31. 31. © 2016 Galois, Inc.31 © 2016 Galois, Inc.31 Boring • It’s just like normal development when you start. • Then you have to be a little more rigorous about testing and evaluation. • Then you run into a wall with library support. • Except it’s not nearly as much of a problem as it used to be. • With Tor, this meant writing one additional library from scratch (zlib), and then sending patches to a few other authors. • Debugging unikernels is also now more palatable: • printf(), gdbsx, profiling • The big remaining gap: the big web frameworks don’t work. • They require all the deep device and OS integration that causes problems with unikernels. (Mostly)
  32. 32. © 2016 Galois, Inc.32 © 2016 Galois, Inc.32 But What You Get Is More nodes, For less money, With a better security posture. Which is great for , and perhaps your next project.
  33. 33. © 2016 Galois, Inc.33 © 2016 Galois, Inc.33 All trademarks, service marks, trade names, trade dress, product names and logos appearing in these slides are the property of their respective owners, including in some instances Galois, Inc. All rights are reserved. http://github.com/GaloisInc/haskell-tor Adam Wick awick@galois.com Twitter: @acwpdx Any questions?
  34. 34. © 2016 Galois, Inc.34 © 2016 Galois, Inc.34 Unikernels are specialised, single address space machine images constructed using library operating systems. - Wikipedia or Unikernels : Virtual Machines :: Exokernels : Physical Machines or Unikernels are single-process programs compiled to run directly on (usually virtual) hardware, rather than within a full-featured OS.
  35. 35. © 2016 Galois, Inc.35 © 2016 Galois, Inc.35
  36. 36. © 2016 Galois, Inc.36 © 2016 Galois, Inc.36 Lower operating costs Faster response to events Smaller attack surface
  37. 37. © 2016 Galois, Inc.37 © 2016 Galois, Inc.37 Containers and Unikernels Unikernels: The next step in separation: 1. We started with single-task code. 2. Next, we separated some of our tasks into threads. 3. Next, we separated some of our threads into processes. 4. Next, we separated some of our processes into containers. 5. Now, we separated our critical containers into unikernels. Each level provides additional separation properties, at the cost of increased complexity in creating and reasoning about new code.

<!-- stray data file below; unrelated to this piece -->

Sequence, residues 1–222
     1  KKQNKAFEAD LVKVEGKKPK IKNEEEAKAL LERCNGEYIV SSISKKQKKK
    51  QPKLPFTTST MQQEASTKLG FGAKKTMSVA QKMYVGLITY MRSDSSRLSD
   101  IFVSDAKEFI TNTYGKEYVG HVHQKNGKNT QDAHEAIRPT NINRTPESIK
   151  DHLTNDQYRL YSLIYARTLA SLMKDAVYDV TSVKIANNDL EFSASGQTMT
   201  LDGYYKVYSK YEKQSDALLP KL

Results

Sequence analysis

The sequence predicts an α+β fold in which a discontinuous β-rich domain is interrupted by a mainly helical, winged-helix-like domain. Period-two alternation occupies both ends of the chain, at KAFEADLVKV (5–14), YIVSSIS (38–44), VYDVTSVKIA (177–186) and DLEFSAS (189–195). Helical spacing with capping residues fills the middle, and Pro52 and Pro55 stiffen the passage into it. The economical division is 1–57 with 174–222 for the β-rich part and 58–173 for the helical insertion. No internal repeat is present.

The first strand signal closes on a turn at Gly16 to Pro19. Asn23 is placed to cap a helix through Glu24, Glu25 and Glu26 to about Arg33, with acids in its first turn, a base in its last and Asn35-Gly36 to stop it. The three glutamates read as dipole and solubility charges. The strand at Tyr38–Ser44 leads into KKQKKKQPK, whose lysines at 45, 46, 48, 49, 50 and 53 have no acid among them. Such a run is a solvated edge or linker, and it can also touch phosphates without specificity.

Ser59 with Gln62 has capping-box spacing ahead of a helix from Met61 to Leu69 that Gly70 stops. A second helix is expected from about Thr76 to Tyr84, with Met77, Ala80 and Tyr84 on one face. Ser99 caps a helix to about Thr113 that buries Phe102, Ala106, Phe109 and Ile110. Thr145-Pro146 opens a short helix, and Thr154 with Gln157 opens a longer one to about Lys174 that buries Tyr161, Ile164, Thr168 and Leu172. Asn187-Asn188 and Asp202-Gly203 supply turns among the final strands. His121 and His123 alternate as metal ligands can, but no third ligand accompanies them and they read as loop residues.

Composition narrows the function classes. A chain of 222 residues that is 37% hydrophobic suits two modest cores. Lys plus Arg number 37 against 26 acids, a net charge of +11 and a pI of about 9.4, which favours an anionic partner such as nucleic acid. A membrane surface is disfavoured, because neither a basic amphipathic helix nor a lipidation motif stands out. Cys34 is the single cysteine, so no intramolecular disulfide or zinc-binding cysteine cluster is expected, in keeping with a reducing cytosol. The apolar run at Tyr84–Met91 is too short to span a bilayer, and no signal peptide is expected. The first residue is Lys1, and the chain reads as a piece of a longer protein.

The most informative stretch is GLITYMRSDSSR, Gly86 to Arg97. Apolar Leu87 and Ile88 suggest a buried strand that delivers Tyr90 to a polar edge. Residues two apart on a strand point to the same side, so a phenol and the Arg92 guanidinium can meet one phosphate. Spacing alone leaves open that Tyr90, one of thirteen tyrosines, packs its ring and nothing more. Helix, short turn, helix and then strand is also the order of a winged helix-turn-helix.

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You did what, in what, why? In this talk, we’ll talk about Tor, Haskell, and unikernels, and why the technologies make for such a great combination. We’ll then look a little deeper, and walk through the design and construction process of such a project. Why is the first step in building a unikernel to not build a unikernel? Why is resource measurement so important? How the heck to you debug these things? Throughout, we’ll use our Tor implementation as our running example, providing some grounding for the proceedings. Code will be shown, and the pitfalls described. And, in the end, we’ll show how building unikernels isn’t actually all that much different from building anything else … if you take some simple precautions, don’t assume too much, and remember to do things the right way.